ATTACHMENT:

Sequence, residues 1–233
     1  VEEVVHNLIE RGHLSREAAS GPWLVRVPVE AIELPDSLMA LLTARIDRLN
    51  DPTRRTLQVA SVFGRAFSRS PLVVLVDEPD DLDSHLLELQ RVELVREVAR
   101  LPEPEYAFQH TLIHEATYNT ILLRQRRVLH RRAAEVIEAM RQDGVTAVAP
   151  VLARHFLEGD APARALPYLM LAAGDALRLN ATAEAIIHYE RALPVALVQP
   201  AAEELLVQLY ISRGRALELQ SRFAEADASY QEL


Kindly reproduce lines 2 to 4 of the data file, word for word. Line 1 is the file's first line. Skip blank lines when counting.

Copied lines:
     1  VEEVVHNLIE RGHLSREAAS GPWLVRVPVE AIELPDSLMA LLTARIDRLN
    51  DPTRRTLQVA SVFGRAFSRS PLVVLVDEPD DLDSHLLELQ RVELVREVAR
   101  LPEPEYAFQH TLIHEATYNT ILLRQRRVLH RRAAEVIEAM RQDGVTAVAP